94. Wang Y, Wertheim DF, Jones AS, Chang HI, Coombes AG. Micro-CT analysis of matrix-type drug delivery devices and correlation with protein release behaviour. J Pharm Sci. 2010;99(6):2854–62. [PubMed]
95. Vallejo-Heligon SG, Klitzman B, Reichert WM. Characterization of porous, dexamethasone-releasing polyurethane coatings for glucose sensors. Acta Biomater. 2014;10(11):4629–38. [PMC free article] [PubMed]
96. Holloway JL, Ma H, Rai R, Burdick JA. Modulating hydrogel crosslink density and degradation to control bone morphogenetic protein delivery and in vivo bone formation. J Control Release. 2014;191:63–70. [PMC free article] [PubMed]
97. Wada K, Yu W, Elazizi M, et al. Locally delivered salicylic acid from a poly(anhydride-ester): impact on diabetic bone regeneration. J Control Release. 2013;171(1):33–7. [PMC free article] [PubMed]
98. Gauthier O, Muller R, von Stechow D, et al. In vivo bone regeneration with injectable calcium phosphate biomaterial: a three-dimensional micro-computed tomographic, biomechanical and SEM study. Biomaterials. 2005;26(27):5444–53. [PubMed]
99. Peter B, Gauthier O, Laib S, et al. Local delivery of bisphosphonate from coated orthopedic implants increases implants mechanical stability in osteoporotic rats. J Biomed Mater Res A. 2006;76(1):133–43. [PubMed]
100. Lee YH, Bhattarai G, Park IS, et al. Bone regeneration around N-acetyl cysteine-loaded nanotube titanium dental implant in rat mandible. Biomaterials. 2013;34(38):10199–208. [PubMed]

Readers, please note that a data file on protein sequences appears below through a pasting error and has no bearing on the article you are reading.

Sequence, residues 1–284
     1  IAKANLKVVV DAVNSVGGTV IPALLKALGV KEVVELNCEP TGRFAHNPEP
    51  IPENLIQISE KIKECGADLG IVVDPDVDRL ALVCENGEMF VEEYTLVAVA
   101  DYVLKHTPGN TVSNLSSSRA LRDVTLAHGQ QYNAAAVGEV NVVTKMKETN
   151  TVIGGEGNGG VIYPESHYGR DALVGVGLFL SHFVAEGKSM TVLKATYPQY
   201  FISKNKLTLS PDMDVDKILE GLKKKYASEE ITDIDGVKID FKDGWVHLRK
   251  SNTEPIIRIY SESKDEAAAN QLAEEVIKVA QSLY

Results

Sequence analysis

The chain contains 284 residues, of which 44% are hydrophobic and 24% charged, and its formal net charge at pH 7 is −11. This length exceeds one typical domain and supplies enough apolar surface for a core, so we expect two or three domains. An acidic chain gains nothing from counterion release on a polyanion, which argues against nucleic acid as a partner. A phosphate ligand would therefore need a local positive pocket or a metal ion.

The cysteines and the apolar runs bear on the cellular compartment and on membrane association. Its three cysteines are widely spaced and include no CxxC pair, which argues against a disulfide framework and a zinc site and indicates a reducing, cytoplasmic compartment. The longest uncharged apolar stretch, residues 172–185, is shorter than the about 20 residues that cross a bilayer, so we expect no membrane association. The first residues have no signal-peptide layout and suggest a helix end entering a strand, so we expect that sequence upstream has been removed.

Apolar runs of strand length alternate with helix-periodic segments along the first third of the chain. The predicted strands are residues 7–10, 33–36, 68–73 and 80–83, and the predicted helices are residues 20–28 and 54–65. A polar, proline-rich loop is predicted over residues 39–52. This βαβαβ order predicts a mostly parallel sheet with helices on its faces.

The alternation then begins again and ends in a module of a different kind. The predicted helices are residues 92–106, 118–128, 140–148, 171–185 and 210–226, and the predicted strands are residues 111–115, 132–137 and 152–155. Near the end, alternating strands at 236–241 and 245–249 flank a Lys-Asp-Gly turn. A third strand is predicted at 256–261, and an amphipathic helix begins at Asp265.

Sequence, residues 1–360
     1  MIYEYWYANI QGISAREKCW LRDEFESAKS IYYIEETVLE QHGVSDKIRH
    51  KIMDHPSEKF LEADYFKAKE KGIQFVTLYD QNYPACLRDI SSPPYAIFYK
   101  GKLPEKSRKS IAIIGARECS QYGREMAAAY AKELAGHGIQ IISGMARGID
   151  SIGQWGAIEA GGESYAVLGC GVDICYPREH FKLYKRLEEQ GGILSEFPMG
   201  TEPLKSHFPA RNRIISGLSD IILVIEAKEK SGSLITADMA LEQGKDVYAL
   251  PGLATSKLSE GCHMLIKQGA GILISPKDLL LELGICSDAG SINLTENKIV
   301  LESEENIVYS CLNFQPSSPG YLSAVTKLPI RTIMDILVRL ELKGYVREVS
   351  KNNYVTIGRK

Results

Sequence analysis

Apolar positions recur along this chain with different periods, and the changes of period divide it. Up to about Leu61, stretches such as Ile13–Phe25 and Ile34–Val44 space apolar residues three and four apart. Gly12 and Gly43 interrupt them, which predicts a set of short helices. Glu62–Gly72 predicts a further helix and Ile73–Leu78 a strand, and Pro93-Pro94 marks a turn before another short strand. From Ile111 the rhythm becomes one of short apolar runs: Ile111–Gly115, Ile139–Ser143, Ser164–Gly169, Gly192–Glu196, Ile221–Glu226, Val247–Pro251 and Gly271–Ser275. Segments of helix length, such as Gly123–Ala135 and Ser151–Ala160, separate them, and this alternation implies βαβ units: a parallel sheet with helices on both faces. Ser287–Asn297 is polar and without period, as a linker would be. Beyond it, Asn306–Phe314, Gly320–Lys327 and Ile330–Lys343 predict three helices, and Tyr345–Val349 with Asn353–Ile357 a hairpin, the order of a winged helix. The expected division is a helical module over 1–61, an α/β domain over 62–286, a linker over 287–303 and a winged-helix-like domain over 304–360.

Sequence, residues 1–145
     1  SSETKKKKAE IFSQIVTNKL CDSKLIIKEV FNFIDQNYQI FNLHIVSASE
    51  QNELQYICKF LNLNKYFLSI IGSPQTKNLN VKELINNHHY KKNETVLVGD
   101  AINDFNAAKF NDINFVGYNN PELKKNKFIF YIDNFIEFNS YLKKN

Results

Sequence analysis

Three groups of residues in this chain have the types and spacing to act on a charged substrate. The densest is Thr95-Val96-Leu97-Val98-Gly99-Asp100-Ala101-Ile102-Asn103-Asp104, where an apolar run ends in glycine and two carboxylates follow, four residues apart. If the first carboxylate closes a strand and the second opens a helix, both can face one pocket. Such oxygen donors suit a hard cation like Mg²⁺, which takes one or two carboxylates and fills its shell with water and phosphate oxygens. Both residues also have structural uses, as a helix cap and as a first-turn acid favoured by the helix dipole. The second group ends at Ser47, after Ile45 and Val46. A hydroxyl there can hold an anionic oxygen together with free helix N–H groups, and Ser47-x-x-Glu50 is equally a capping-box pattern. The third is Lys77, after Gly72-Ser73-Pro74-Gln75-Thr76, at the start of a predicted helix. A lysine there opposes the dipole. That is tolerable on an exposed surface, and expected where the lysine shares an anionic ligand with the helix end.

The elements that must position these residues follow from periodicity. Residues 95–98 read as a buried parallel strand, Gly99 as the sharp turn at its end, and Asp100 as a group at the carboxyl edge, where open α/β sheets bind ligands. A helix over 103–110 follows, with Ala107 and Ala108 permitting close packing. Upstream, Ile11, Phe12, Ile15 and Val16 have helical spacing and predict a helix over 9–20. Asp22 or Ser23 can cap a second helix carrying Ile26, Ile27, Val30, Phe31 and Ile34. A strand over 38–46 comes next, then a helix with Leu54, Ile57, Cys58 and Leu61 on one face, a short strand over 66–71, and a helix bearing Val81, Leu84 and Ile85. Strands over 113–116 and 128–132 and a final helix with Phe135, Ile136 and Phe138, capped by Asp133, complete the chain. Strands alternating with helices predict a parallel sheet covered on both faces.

101. Exner AA, Weinberg BD, Stowe NT, et al. Quantitative computed tomography analysis of local chemotherapy in liver tissue after radiofrequency ablation. Acad Radiol. 2004;11(12):1326–36. [PubMed]
102. Szymanski-Exner A, Stowe NT, Lazebnik RS, et al. Noninvasive monitoring of local drug release in a rabbit radiofrequency (RF) ablation model using X-ray computed tomography. J Control Release. 2002;83(3):415–25. [PubMed]
103. Szymanski-Exner A, Stowe NT, Salem K, et al. Noninvasive monitoring of local drug release using X-ray computed tomography: optimization and in vitro/in vivo validation. J Pharm Sci. 2003;92(2):289–96. [PubMed]
104. Nakamura H, Hashimoto T, Oi H, Sawada S. Iodized oil in the portal vein after arterial embolization. Radiology. 1988;167(2):415–7. [PubMed]
105. Jeon UB, Lee JW, Choo KS, et al. Iodized oil uptake assessment with cone-beam CT in chemoembolization of small hepatocellular carcinomas. World J Gastroenterol. 2009;15(46):5833–7. [PMC free article] [PubMed]
106. Lim HK, Han JK. Hepatocellular carcinoma: evaluation of therapeutic response to interventional procedures. Abdom Imaging. 2002;27(2):168–79. [PubMed]
107. Wang Y, Bella E, Lee CS, et al. The synergistic effects of 3-D porous silk fibroin matrix scaffold properties and hydrodynamic environment in cartilage tissue regeneration. Biomaterials. 2010;31(17):4672–81. [PubMed]